Outlining the Role of M&As and Partnerships in the Era of Colocation “Davids” and “Goliaths”

August 4, 2016 Greg Jones

With so many players in the market, colocation providers naturally want to differentiate themselves. The main avenues for doing so are to get large enough to offer an array of services in lots of geographic locations, or to specialize in a particular vertical or niche service.

No matter which avenue you choose, mergers and acquisitions are likely to play a role, at least judging from the opinions offered by 30 executives from colocation companies representing 16 countries who participated in a roundtable discussion last November in Miami. They were gathered for a day-long discussion of industry trends at an event sponsored by Schneider Electric focusing on colocation “megatrends,” including the changing industry structure and the role of M&As.

Participants noted that colocation companies often have to position themselves as either a “David” or “Goliath.”  The Goliaths are larger companies, typically having grown by acquisition, while the “Davids” position themselves as niche providers, focusing on a particular vertical or offering more personalized, custom services.

The Goliaths routinely look to M&As to quickly expand their portfolios. In so doing, they offer clients consistency, with the ability to service locations in different parts of the world while offering a similar customer experience at each.

But there will always be a place for more specialized colo providers, whether it’s focusing on healthcare companies, financial services or the like. That’s especially true because buyers are getting smarter, asking better questions and gaining greater understanding of what different suppliers have to offer. So I suspect there will always be a need for colos that can “go deep” by providing expertise in various value-added services, vertical industries, accreditations in certain technologies or vendors.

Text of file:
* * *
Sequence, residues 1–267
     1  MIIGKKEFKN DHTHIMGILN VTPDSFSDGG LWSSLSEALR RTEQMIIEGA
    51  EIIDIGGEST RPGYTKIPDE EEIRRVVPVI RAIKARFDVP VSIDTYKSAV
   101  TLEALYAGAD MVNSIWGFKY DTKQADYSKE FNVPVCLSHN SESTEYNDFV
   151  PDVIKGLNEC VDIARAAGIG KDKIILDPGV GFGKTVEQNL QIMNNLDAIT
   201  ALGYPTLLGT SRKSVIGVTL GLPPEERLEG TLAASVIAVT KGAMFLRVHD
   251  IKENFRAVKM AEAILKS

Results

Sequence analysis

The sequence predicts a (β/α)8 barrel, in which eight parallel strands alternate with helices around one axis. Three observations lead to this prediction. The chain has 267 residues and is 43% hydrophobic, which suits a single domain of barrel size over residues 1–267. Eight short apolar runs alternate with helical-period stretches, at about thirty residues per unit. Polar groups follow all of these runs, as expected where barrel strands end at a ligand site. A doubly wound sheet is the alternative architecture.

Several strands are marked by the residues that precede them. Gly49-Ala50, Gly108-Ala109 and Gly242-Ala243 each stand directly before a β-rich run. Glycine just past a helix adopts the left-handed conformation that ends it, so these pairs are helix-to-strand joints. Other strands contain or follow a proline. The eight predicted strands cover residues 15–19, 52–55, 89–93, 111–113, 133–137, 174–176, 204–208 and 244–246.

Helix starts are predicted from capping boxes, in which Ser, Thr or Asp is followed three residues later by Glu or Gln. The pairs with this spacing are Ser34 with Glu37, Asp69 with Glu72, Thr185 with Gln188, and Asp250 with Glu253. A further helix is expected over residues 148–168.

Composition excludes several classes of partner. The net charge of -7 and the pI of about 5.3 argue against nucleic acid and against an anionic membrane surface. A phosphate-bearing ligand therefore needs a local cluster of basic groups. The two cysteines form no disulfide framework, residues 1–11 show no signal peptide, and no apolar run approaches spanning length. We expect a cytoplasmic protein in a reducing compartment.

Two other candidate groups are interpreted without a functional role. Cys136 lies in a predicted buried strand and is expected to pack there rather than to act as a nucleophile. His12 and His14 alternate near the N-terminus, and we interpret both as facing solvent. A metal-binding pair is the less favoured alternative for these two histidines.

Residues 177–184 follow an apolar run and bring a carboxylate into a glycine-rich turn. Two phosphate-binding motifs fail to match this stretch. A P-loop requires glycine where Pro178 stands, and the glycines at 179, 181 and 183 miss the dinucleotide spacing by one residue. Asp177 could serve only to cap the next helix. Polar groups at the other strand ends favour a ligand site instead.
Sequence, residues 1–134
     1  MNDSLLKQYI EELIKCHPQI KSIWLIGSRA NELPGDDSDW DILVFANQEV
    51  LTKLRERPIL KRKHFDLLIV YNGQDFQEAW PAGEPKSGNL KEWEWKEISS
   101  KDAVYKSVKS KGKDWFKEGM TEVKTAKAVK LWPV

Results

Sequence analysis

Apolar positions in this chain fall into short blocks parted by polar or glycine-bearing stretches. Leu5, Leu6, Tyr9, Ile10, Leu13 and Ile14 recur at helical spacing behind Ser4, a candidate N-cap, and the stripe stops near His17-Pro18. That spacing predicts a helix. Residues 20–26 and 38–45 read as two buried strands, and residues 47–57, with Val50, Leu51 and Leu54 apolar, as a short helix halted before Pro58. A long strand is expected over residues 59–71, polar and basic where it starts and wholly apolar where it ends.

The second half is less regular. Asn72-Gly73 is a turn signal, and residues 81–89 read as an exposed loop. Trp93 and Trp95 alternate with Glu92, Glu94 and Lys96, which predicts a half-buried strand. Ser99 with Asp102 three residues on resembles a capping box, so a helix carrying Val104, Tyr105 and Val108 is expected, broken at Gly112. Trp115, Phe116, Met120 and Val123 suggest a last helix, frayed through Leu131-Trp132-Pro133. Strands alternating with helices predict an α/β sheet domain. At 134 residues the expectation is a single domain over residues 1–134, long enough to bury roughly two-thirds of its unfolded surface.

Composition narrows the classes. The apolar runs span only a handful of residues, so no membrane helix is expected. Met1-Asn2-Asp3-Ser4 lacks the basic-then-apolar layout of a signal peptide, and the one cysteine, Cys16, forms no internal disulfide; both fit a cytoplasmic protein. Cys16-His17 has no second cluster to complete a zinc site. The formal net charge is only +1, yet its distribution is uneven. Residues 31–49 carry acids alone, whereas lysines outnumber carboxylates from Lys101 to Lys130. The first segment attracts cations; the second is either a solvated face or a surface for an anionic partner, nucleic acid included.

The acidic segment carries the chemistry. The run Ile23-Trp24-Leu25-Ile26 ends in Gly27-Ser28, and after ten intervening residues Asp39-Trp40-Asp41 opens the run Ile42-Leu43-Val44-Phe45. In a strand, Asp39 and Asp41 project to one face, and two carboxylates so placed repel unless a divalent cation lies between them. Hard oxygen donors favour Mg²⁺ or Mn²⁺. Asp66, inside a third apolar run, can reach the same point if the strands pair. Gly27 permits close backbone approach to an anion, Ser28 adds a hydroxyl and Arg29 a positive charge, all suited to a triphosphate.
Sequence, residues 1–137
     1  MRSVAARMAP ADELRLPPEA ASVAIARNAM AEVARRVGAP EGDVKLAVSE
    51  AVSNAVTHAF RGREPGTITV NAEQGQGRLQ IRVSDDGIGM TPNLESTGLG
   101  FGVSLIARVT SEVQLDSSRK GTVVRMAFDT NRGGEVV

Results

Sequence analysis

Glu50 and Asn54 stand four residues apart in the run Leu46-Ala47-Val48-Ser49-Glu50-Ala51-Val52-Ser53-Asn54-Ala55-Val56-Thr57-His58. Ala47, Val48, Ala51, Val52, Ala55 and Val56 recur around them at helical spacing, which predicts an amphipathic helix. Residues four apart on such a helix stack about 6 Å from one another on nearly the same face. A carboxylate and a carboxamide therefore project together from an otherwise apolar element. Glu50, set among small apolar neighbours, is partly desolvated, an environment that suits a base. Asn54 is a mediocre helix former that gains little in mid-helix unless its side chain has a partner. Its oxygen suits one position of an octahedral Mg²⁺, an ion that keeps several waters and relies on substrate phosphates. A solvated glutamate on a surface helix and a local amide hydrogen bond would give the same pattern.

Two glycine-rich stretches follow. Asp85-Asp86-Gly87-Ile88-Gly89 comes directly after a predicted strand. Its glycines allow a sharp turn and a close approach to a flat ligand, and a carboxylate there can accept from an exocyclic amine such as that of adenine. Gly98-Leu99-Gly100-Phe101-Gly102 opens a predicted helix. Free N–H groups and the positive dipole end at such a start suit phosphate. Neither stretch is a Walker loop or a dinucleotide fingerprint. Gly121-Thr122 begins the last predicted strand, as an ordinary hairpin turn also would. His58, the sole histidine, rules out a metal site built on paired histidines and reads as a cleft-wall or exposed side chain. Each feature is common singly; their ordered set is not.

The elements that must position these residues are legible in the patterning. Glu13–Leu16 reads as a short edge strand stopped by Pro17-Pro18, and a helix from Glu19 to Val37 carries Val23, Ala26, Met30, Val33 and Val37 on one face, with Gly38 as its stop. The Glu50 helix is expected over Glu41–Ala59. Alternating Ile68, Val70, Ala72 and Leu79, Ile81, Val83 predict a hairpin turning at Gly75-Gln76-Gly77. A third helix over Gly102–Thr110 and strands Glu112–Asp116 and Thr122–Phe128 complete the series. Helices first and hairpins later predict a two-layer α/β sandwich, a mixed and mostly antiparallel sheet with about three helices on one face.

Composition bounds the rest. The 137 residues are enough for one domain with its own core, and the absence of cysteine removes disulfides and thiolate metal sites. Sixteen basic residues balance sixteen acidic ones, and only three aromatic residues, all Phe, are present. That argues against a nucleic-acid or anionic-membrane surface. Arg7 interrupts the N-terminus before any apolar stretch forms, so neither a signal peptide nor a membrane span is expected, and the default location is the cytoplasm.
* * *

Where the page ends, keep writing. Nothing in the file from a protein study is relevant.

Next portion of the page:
What’s more, the largest players are focused mainly on the largest customers and markets, leaving lots of opportunity for the tier 2 or 3 markets and customers. There’s huge opportunity for colos to make good money there.

Another topic that came up in the roundtable was partnerships, which some participants noting that’s another way for colos to expand their geographic reach or range of services. That may be true in the short-term, as partnerships will certainly be a much quicker way to add to your services portfolio given the amount of time the typical merger or acquisition takes to consummate.

But from my experience, partnerships are difficult to maintain over time. At the beginning they may provide a viable route to fulfill a certain business requirement but it takes a concerted effort from both sides to make partnerships pay dividends over the long term. More often than not, they tend to peter out as markets evolve and the participants lose focus on the original intent. While it’s certainly not impossible to maintain partnerships, it requires active management from both sides; too often, that just doesn’t happen.

That’s my take, at least. I’d love to hear differing opinions in the comments below.

The discussion around M&As and industry structure was just one of seven “megatrends” that roundtable participants discussed, culled from an address at the event by Bob Gill, Research Director in Gartner’s Data Center Strategies Group.  We packaged up the best of the discussion into a free report, “Opportunities and threats for colocation providers around the globe.”  Download it now and I’ll bet you’ll read about some of the same issues your company is facing.

 

The post Outlining the Role of M&As and Partnerships in the Era of Colocation “Davids” and “Goliaths” appeared first on Schneider Electric Blog.

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